However, the other side of the coin is that there is nothing to stop them from advertiser-friendly programming. This becomes a very creative process. There are companies out there that have been given permission due to the strength of their brand to do things like that. Budweiser has created films where they are not flat out selling their beer. While people are drinking beers what is being sold is the attitude and what it means to be a bud drinker. Nike, Levis and Coca Cola are the other brands that can do that. People will find new and perhaps more subtle ways to get their message out there.

One of the threats to traditional advertising is Personal Video Recorders (PVR), which allow viewers to delete ads. In addition to product placements what are the other ways in which broadcasters and marketers can get around this problem?

Technologically I am not sure how this is going to be done for television. However, it is a big topic in the industry.
In advanced TV markets does the future lie in advertising led content?

Definitely it is an area that is growing. Lower third promotions where you have the bottom part of the screen used, sponsorship are ways to get the viewers attention. We do work with clients on advertiser-friendly products. What puts us in a unique position is that we also have relationships with the broadcasters. The broadcaster knows the viewer while advertisers know their target audience. They need to gel. Viewers are increasingly seeing the sponsorship identity as a part of the programme.
Due to the fact that it simulates a natural environment, would reality shows be the best platform for a company looking to do product placement on television?

The advertiser has to be careful here. They need to take care about where the product is being placed. There are agencies that specialise in product placement as in who should be using it and where. If the situation is not seen in a positive light then it can damage the brand. Lack of relevance can also hurt not just the brand but also the programme that the brand is in.

Product placement makes the most sense when it is woven into the storyline. There are agencies that work with content creators to weave brands into the content.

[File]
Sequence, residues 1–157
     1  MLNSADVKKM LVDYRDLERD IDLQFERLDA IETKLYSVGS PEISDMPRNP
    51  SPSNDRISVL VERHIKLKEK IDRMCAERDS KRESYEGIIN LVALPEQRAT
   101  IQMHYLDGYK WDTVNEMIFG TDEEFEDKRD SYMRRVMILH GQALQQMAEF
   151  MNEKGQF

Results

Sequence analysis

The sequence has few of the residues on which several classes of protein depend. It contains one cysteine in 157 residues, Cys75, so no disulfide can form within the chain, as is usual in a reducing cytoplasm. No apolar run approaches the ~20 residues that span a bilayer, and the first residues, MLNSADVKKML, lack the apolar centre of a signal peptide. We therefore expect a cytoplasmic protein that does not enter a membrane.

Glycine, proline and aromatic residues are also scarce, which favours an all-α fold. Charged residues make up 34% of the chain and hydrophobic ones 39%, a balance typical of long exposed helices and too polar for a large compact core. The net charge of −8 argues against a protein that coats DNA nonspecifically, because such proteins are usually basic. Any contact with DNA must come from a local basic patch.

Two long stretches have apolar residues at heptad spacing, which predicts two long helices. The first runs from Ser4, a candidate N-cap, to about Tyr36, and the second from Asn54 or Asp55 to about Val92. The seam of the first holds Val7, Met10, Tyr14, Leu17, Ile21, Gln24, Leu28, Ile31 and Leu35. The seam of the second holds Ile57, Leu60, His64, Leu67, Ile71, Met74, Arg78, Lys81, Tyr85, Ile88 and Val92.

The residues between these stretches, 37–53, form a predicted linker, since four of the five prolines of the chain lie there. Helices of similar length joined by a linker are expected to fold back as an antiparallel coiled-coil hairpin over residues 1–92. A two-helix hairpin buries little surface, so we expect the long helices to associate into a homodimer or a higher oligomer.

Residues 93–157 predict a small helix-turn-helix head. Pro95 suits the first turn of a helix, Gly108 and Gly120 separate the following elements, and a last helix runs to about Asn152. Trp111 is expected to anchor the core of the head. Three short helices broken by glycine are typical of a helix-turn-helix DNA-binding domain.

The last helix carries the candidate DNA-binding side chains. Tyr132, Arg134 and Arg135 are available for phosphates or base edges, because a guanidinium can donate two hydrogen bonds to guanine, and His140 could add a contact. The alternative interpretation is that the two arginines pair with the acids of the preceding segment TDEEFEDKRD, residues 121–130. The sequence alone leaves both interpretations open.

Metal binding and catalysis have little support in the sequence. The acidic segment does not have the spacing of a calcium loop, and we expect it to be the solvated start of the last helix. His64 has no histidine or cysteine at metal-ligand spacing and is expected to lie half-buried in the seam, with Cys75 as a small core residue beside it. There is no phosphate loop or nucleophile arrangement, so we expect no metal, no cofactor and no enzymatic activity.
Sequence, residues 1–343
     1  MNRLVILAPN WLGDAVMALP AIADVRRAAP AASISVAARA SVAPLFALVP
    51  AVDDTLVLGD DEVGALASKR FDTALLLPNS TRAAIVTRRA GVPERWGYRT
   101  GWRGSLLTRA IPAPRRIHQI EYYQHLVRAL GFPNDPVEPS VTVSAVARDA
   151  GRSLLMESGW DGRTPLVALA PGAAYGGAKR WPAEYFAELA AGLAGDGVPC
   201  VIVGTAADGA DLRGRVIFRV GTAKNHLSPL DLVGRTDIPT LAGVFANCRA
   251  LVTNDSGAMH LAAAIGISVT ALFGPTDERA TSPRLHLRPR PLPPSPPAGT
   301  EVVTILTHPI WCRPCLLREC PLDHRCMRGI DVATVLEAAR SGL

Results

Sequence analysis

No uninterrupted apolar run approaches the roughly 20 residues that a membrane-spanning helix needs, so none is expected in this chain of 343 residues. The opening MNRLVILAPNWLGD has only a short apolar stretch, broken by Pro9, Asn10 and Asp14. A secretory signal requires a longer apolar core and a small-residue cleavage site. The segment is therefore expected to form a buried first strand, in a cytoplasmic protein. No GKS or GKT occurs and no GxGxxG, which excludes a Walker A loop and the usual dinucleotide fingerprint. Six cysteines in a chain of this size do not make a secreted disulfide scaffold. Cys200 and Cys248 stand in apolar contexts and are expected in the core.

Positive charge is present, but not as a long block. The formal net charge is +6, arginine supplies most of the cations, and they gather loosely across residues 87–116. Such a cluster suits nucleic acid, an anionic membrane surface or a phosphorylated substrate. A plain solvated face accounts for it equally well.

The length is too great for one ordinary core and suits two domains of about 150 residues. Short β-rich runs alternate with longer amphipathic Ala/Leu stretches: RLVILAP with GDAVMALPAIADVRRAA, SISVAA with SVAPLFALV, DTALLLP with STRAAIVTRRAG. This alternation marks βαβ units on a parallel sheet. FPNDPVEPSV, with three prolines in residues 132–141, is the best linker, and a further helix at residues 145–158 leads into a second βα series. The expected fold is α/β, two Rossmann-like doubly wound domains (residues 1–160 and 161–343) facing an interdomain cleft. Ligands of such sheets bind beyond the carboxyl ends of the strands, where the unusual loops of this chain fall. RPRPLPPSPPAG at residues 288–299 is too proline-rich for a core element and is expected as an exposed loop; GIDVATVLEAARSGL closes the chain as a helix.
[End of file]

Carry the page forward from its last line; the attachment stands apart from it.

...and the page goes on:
Sometime ago NBC had done something interesting for their Thursday must see TV nightspot. They actually had actors from one show appearing in the next show. Actors from Friends were appearing in Will & Grace. This in a sense is product placement. This is one of the new and creative ways that channels are using to get the viewers attention.

What role does interactivity play in helping channels cut through the clutter?

I am not sure that interactivity cuts through the clutter. What it does is give the channel the opportunity to take the viewer on a different axis. Now you are taking the viewer from A to Y. In the interactive space you are able to move on a Z-axis. However the content needs to be relevant.

If you send someone to an interactive space whose content is not relevant to what you have got in the first place then viewers will not bother to go back. Depending on what the application is the viewer can stay within the shows frame of mind without there necessarily being a timeline.

Isn't there a danger with lower third promotions that the viewer might get distracted from the main programme?

I don't think so. We did Living Room research and we determined that the under-24 year olds tend to watch multiple things at one time. They are really not interested in being sold to. They can detect that immediately. They have the ability to watch two to three things at one time. If they are watching a programme that has multiple pieces of content that are all relevant and equally entertaining then I do not think that they will get lost. My mother maybe, but not them!

The success of lower third promotions depends on how much you know your audience and how much you know what they are looking for. The channel also has to know the extent to which the audience can be pushed.

Earlier you were with Lee Hunt. What was that experience like?

I was his first employee. I worked with him for ten years. I worked in many different capacities. I learnt an immense amount about the television industry. I started as a coordinator for anything. Then I became a promo producer. I was also able to try my hand at directing with our first live action around the world shoot for Avon. Later on I moved into the account director position. Then I moved to London to head the Future TV team. He is a great boss, a very good boss.

You have been in the creative field for sometime. What are the rewards of this?

I get to work with really creative people who are fantastically talented. There is excitement in seeing a great piece of creativity. There is also the excitement of seeing what you delivered to the channel getting used. This is the most important part of our job. The handover period when the channel is taking the work as their own is rewarding. If we do not deliver well then it does not get used. If it doesn't get used what was the point of doing it?

Winning awards is great. However, you may win loads of awards but if the creative work does not hit the air or is not communicating with the audience in an effective way then the work is useless. This has never happened to me. I make sure that this situation will not occur. I have worked with people who have had entire packages delivered to them and they never hit the air. We recently delivered a design system for BBC Sport, which they are making use of most effectively. That was very rewarding.